This site is designed to provide information on federal interagency and cooperative developments related to coastal sand and gravel resources and management issues along the Atlantic continental margin.
A geologic and oceanographic study of the waters and Continental Shelf of Gulf of the Farallones adjacent to the San Francisco Bay region. The results of the study provide a scientific basis to evaluate and monitor human impact on the marine environment.
This web site is an outgrowth of an agreement between the USGS and the New England Aquarium, designed to summarize and make available results of scientific research. It will also present educational material of interest to wide audiences.
USGS responses to and studies of the hazards and impact of major hurricanes, tsunamis, and El Nino storms. Includes links to oblique aerial photography and LIDAR surveys recording coastal changes and other effects of storms and waves.
Sedimentary characteristics of 228 tsunami deposits, drawn from published accounts, for interpreting prehistorical, historical, and modern tsunami deposits, and for the development of criteria to identify tsunami deposits in the geologic record.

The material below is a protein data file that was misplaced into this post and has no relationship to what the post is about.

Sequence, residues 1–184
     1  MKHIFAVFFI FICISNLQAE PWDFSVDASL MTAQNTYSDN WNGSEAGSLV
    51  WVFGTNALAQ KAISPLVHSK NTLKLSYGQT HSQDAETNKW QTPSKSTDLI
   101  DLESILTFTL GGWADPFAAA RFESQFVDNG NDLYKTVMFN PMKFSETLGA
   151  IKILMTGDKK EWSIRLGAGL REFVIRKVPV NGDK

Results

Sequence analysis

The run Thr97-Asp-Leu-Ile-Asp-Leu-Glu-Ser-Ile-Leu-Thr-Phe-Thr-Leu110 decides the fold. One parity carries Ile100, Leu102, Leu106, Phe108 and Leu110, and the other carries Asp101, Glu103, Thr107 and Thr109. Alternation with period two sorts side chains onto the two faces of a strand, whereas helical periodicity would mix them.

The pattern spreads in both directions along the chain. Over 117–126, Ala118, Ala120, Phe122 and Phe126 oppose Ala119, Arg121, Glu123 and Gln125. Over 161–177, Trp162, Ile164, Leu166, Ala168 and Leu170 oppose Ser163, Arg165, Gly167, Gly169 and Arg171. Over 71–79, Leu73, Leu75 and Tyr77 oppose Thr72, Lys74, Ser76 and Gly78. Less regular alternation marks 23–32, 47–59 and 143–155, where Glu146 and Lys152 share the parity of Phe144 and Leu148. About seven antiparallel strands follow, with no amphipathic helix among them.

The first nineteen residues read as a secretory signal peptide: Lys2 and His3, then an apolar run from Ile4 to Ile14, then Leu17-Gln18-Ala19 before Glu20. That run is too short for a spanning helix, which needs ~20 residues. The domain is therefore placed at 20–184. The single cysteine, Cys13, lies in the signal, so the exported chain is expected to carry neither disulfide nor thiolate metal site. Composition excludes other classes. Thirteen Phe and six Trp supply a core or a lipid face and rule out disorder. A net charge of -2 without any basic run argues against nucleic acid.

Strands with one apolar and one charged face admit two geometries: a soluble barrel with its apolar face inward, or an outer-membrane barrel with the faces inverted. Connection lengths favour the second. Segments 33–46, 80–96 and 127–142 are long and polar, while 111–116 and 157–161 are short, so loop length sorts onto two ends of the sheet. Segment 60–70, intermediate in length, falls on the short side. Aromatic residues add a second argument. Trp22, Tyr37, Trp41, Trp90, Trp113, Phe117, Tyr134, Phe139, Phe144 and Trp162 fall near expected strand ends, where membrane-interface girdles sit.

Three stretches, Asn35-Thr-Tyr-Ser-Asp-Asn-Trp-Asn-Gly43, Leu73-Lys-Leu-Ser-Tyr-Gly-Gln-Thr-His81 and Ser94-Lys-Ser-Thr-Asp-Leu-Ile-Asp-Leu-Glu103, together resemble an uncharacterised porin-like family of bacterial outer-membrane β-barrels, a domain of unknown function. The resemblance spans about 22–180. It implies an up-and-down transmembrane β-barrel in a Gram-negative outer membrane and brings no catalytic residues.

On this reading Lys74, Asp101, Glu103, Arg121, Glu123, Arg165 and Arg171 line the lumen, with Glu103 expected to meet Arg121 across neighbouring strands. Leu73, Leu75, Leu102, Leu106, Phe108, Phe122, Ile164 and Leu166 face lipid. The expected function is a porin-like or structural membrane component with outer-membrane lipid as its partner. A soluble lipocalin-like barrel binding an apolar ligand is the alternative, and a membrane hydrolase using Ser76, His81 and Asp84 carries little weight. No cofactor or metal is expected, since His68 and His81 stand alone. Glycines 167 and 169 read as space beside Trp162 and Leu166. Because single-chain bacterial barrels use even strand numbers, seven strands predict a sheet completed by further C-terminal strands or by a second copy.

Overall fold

Article in the May 28, 1998 issue of Volcano Watch describing of correlation of earth tides to volcanic eruptions and value in monitoring underground magma movement with deformation measurement instruments including tiltmeters and strainmeters.
By measuring the current and historical growth rates of coral skeletons, and using field experiments, we intend to find out whether rising atmospheric CO2 and rising sea levels will cause coral reefs to erode and cease to function.
Fine-grained material may negative effects on coastal ecosystems. Our studies suggest that the waves and currents of California are adequately energetic to transport fine-grained sediment quickly through near-shore coastal systems.
Characteristics of recent tsunami deposits, with the knowledge we have about the events that caused them, give us ways to recognize ancient deposits of this type and infer characteristics of those ancient tsunamis as well.
The National Assessment of Coastal Change Hazards is a multi-year undertaking to identify and quantify the vulnerability of U.S. shorelines to coastal change hazards such as the effects of severe storms, sea-level rise, and shoreline erosion and retreat.
Research and monitoring to provide the Nation with a clear understanding of natural hazards and their potential threats to society, and assists with developing smart, cost-effective strategies for achieving preparedness and resilience.